If the trucks are too wide, they could be cut down in width so they don’t bind against the hooks.

If we could see a photo with the rollers in place on the press, it would help the troubleshooting on this score.

Another thought. The roller cores appear to have an “upset” or pinched metal area which limits the distance the truck will fit in toward the roller itself. It is possible that those upsets are not positioned properly to allow the truck to align properly with the rails.

This can be fixed by filing off the upset, allowing the truck to move in all the way, or by creating a slot in the truck to allow the upset to mesh with the truck. This second method also insures that the roller will be locked to the truck and will turn as the trucks turn on the rails.

The gauge pins go on the top sheet to hold your paper while printing. In the cold weather you might want to keep your rollers and ink in a place that is heated. Go to Exceleior Press website, he has posted lots of helpful info and videos, good luck Dick G.

Dick G., Thanks for the hint, I will try to rig something up in the meantime for gauge pins. I actually have registration pins for my screen printing, but they are more designed for things to rest on them on a flat surface, not sure how they will work with somehting hanging off of them, but it’s worth a try. I normally keep all my screen inks in a heated cabinet, looks like I will need more room :).

Jhenry, I think you hit it on the head - that’s exactly what is happening. As for filing off part of the roller core, I think the wider sleeve (that stops the truck) would have to be lathed down to allow the truck to travel farther in on the core. How would you go about cutting the trucks down without destroying them?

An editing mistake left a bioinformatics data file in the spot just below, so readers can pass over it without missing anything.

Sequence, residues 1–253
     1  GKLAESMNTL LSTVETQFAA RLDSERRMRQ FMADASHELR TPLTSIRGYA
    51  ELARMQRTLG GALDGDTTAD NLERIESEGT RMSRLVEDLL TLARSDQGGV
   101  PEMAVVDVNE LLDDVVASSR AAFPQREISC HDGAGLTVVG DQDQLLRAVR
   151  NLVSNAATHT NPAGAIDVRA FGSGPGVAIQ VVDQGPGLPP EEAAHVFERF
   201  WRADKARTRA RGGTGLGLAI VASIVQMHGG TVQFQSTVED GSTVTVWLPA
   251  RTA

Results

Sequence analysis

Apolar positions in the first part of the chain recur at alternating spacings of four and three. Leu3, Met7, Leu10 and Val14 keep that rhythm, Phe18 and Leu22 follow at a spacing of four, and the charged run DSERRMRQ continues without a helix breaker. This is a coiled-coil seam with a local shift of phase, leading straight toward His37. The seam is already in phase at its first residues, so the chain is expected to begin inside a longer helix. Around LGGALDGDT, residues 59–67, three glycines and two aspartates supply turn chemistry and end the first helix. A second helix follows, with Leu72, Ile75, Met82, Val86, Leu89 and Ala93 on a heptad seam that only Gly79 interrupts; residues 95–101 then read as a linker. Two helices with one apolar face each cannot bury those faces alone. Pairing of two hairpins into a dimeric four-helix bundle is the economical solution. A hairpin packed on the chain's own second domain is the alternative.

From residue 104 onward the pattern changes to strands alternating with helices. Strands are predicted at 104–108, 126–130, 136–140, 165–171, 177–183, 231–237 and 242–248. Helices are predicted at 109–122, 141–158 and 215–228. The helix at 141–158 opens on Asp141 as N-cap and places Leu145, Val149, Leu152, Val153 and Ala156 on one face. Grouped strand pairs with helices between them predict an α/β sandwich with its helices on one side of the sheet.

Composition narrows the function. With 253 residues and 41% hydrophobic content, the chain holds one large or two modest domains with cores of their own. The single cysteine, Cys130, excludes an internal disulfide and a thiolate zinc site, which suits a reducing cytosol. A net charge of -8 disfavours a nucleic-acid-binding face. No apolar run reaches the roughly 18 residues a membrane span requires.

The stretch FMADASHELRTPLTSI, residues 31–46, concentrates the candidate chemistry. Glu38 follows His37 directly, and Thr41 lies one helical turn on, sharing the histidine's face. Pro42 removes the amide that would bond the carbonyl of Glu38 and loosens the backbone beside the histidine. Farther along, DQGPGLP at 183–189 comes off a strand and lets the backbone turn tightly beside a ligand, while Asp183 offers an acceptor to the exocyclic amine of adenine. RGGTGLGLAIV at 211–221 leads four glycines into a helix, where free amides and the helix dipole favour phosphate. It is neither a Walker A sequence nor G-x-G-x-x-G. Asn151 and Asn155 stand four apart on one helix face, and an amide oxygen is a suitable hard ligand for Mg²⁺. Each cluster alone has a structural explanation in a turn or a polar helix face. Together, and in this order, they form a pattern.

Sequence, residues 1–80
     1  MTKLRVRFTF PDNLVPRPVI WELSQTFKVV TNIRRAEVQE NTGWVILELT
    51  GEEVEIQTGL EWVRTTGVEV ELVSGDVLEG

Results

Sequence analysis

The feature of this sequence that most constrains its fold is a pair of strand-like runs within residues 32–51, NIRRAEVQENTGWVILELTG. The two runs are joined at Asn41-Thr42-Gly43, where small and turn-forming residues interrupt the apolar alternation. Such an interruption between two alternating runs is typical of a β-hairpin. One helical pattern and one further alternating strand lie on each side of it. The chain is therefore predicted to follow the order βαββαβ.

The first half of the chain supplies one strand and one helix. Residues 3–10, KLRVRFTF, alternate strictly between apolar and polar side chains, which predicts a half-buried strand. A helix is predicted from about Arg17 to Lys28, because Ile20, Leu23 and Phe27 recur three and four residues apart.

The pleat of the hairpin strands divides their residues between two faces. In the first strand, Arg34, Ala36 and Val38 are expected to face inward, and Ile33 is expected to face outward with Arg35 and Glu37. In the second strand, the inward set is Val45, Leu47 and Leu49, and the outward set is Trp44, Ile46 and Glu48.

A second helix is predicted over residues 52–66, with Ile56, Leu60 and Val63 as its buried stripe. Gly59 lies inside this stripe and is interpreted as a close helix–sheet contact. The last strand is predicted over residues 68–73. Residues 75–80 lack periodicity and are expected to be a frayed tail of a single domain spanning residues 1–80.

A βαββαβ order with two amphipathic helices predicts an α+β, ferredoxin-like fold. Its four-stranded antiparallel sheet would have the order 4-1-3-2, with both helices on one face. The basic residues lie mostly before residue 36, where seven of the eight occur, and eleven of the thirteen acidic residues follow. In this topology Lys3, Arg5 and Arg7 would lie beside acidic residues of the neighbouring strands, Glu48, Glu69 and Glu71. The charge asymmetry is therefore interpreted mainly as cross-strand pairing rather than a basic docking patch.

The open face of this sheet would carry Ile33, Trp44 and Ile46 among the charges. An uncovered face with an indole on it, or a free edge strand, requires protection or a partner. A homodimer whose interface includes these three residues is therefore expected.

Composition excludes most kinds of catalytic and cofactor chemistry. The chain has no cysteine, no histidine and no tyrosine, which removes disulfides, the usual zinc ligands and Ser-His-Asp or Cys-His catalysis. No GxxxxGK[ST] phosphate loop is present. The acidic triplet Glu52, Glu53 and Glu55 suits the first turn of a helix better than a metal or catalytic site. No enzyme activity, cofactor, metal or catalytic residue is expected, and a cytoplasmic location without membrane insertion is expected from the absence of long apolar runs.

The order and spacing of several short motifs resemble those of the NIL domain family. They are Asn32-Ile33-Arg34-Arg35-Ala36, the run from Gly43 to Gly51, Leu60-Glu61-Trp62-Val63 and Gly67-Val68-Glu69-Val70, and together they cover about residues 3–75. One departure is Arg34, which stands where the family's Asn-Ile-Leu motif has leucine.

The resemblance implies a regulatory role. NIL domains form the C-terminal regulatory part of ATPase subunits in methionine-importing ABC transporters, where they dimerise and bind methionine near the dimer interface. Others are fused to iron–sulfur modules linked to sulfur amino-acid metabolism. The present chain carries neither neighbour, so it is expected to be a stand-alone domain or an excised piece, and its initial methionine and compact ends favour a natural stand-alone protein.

I will post another pic later. Thanks for the help guys!



You could file off just the outer side of each of the ears on the core, which would allow the trucks to advance a bit more, if you are close to fitting.

You could drill out the center hole of the truck to a larger diameter, but only 1/8” deep or so, just to allow the truck to slide that much further onto the roller shaft (overlapping the upset in the shaft). That might allow you to do a better job of centering the trucks on the rails by positioning the trucks on the core. Many trucks are made with a slot which locks on to that upset in the roller shafts, and that could be milled into your trucks, solving two problems at once.

If the upset appears to be in the proper place, and the trucks are just too wide, they can be locked in a chuck on a lathe and cut down to the proper width. They also could be chucked and cut down on a milling machine if that was all that was available. It should not be a costly operation.

If it does cost more than a new set of rollers, however, you may be better off buying new rollers and specifying that they fit with your trucks.

If the trucks don’t have a slot for the “ears” on the cores, they won’t slide far enough onto the core to clear the hooks. You could take a roller and the trucks to a machine shop and have them machine a partial slot (you probably only need it to be 1/4 inch or less deep) inside the trucks for the “ears”. Or you could do it yourself with a narrow file. That way the trucks will drive the rollers and give better inking.


Dick G: Thanks for the update about keeping ink & rollers in a warm place. I set up for the first time in June in a small (as of now unheated) chicken coop and have been working merrily away. Just assumed I could keep stuff in there as the weather cools. Are rollers best kept upright?